Overcome the Eight Barriers to Confidence
Many coaching clients have the desire to change, and even possess the understanding of the steps to make change, however, often the clients struggle with their own confidence to actually make a change. This HBR article sheds more light on how to develop confidence and overcome the biggest obstacles in your way! Sometimes that obstacle is found by looking in the mirror….
From Harvard Business Review
Overcome the Eight Barriers to Confidence by Rosabeth Moss Kanter
January 3, 2014
To get a more confident You in the new year — or a more confident company, community, family, or team — first know what gets in the way. The best resolutions will go nowhere without the confidence to stick with them.
Confidence is an expectation of a positive outcome. It is not a personality trait; it is an assessment of a situation that sparks motivation. If you have confidence, you’re motivated to put in the effort, to invest the time and resources, and to persist in reaching the goal. It’s not confidence itself that produces success; it’s the investment and the effort. Without enough confidence, it’s too easy to give up prematurely or not get started at all. Hopelessness and despair prevent positive action.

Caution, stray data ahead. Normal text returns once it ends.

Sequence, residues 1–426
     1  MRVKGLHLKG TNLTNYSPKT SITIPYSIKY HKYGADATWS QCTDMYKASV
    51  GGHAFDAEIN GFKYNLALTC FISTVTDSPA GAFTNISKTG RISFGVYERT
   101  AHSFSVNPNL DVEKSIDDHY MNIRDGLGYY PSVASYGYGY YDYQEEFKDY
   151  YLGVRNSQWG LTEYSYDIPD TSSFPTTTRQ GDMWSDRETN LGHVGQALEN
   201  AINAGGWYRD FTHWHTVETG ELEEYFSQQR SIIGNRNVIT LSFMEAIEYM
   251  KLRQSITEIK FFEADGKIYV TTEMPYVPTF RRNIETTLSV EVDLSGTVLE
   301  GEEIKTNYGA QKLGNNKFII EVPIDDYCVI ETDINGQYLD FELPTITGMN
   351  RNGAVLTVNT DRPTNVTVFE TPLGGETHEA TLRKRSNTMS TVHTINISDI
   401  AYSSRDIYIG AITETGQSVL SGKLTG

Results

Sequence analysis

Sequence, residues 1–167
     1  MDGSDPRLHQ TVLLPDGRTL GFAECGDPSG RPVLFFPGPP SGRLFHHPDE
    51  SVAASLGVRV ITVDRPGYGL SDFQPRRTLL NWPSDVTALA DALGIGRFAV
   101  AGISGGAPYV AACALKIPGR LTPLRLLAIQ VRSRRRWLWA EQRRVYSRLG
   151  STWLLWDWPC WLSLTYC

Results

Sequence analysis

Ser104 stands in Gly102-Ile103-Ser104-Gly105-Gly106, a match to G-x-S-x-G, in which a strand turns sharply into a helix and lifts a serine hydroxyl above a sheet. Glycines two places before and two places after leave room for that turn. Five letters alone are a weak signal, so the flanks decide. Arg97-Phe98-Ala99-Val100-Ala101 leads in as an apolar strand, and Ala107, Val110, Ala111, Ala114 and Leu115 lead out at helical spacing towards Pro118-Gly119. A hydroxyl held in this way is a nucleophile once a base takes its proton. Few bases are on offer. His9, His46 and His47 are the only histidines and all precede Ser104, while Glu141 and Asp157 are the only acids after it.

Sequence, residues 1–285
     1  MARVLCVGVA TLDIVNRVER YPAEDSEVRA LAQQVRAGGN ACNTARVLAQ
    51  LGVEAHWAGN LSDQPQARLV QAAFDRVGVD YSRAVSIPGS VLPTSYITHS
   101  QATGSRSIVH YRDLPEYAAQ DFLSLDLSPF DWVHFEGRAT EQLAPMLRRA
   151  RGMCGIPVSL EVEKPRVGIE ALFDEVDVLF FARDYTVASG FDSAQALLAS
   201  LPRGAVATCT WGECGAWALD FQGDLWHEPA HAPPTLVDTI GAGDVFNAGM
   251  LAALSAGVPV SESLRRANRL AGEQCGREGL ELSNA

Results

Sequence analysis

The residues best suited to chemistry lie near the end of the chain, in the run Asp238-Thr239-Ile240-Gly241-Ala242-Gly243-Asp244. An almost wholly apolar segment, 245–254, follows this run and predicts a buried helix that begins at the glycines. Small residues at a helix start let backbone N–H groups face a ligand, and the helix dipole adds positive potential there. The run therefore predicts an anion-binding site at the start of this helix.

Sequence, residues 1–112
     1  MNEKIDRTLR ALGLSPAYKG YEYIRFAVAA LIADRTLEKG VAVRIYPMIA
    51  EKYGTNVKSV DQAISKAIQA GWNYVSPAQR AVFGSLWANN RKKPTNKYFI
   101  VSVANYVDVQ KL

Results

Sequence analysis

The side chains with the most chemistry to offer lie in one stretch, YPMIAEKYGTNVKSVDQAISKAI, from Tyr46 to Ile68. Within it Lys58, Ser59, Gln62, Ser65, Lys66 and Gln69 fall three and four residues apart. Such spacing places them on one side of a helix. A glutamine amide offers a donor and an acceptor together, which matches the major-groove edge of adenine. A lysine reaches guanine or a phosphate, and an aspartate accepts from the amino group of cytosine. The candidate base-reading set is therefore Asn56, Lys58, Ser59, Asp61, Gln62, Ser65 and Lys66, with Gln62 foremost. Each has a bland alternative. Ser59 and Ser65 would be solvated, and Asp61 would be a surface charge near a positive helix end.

To muster the confidence to work toward your goals, avoid these eight traps:
Self-defeating assumptions. You think you can’t, so you don’t. A British Olympic runner is so rattled by a misstep that cost her a contest that she dropped out of the next. A company team decides that a popular world leader is so far out of their league that they don’t issue an invitation to speak at their customer event. Talented women sometimes “leave before they leave,” as Sheryl Sandberg puts it, assuming that they won’t be promoted (or succeed when they have children) so they start behaving like they’re departing years before departure, thus foreclosing their options. It’s one thing to be realistic, it’s another to behave like a loser before entering the game.
Goals that are too big or too distant. I know how often leaders say they want to tackle BHAGs — “big hairy audacious goals.” But having only enormous goals can actually undermine confidence. The gap between a giant goal and today’s reality can be depressing and demotivating. Confidence comes from small wins that occur repeatedly, with each small step moving you closer to the big goal. But the small steps must be valued and turned into goals themselves. Winners think small as well as big.
Declaring victory too soon. This is the dieter’s dilemma: lose the first few pounds, and feel so good that you reward yourself with chocolate cake, and when the pounds go back on, you feel so discouraged that you have more cake to feel better. I saw this pattern in a college football team that was coming off a 9-year losing streak (yes, 9 years!). After winning the first game in nearly a decade, a team member shouted that now we’ll win the championship. First, of course, they had to win the next game — which they didn’t. Step-by-step discipline builds confidence.